By: Giles Fuchs, Co-founder and CEO of Office Space in Town

Surging demand and an ongoing supply squeeze in the office market has highlighted the vital role that serviced offices can play for businesses wanting a flexible solution for high quality office space. But the question is: are serviced offices undervalued?

Valuation experts may not have fully understood the absolute value of a serviced office, which is comprised of two key tranches of revenue: contracted income which includes both office fees and IT and variable service income. Surprisingly the variable income only makes up 10-15% of the total income.

Giles Fuchs
Giles Fuchs

The crux of the valuation issue is that, as well as the stable rental income, the value should incorporate the other income streams. First is income from contracted services, such as IT and reception facilities. The second is from variable services such as bookable meeting rooms, secretarial functions, franking, clerking and so on.

The easiest way to understand the issue is to think of an hotel. The hotelier earns an income from contracted bookings of the individual bedrooms but also receives revenue from other services such as the mini bar, restaurant, gym and meeting rooms.


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So how should this translate into the valuation of the building? Let’s take the first tranche of revenue; the contracted income equal to market rent for that building is very robust and therefore should be valued, at the prevailing market yield, of say 5%.

The second tranche is the combined income from contracted and variable services, which should be viewed in line with that of hotel income, and thus valued between 12 and 14 times. For the purposes of formulisation we value at an 8% yield (12.5 times).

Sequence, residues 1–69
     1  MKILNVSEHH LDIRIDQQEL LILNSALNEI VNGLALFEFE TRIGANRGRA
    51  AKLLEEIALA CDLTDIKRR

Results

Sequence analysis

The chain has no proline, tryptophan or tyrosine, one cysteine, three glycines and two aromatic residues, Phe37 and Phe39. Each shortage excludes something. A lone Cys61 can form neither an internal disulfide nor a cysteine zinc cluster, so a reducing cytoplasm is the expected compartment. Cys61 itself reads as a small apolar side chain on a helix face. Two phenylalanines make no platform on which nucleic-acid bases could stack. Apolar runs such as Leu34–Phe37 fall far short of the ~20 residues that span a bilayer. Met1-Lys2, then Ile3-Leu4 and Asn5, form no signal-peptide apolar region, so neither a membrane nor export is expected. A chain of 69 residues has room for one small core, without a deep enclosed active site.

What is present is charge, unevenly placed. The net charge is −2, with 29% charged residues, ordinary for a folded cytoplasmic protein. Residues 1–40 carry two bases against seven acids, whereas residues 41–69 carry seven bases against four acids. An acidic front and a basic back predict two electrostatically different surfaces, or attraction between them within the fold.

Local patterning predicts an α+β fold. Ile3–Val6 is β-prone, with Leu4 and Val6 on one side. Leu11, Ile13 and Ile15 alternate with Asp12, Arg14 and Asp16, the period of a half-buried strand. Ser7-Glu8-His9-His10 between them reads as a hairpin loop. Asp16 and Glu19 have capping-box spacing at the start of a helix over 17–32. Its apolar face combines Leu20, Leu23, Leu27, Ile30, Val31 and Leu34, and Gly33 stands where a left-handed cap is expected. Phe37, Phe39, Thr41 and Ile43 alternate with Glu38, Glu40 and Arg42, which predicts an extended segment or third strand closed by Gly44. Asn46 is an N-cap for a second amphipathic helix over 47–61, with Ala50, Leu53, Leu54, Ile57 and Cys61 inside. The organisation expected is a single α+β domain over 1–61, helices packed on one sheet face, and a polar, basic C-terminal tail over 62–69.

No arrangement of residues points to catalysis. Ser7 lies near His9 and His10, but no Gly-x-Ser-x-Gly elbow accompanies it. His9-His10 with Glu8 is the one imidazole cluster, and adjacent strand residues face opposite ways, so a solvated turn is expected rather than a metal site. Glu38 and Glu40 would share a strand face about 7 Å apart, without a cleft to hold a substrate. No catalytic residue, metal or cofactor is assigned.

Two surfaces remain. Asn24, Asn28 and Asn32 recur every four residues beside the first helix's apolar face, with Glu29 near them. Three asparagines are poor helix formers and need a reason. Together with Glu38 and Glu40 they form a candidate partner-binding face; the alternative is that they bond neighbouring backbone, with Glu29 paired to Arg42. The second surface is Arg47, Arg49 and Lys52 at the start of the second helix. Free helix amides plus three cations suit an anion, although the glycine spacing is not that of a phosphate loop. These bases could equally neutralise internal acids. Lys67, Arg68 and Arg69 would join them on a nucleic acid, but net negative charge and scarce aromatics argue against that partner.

However, to err on the side of caution we only take into consideration 80% of this second tranche of income, allowing for 20% to act as a safeguard for income that could be affected by market changes. Loss of EBITDA in a recession will be between 10-20%.

Therefore this second tranche of income can be valued at 80% of the remaining income at an 8% yield, which can be distilled into the following formula:

Value of serviced office building = (EBITDA equal to Market rent at 5% yield) + (remaining EBITDA x 80% at 8% yield)

This formula brings to light the way in which serviced offices are currently undervalued. However, to fully appreciate this, it is also important to address some of the common misconceptions about the serviced office market.

Firstly, the stability of income generated by a serviced office is not widely understood.  The average tenure of a serviced office client is two and a half years, compared with just under four years for a commercial lease.

Additionally, the stability of revenue is increased as a result of the building being occupied by a number of different clients, meaning any one client leaving has little impact on the overall income.

As mentioned 85-90% of the income is contracted.

These factors are crucial in understanding the Fuchs Formula. Only by amalgamating all income streams together can one establish the absolute valuation of the building.

I pose the question: given what has been seen over the last 10 years in the understanding of both the hotel and student housing valuations why wouldn’t we expect the same to happen to serviced office buildings? Is this the latest big opportunity?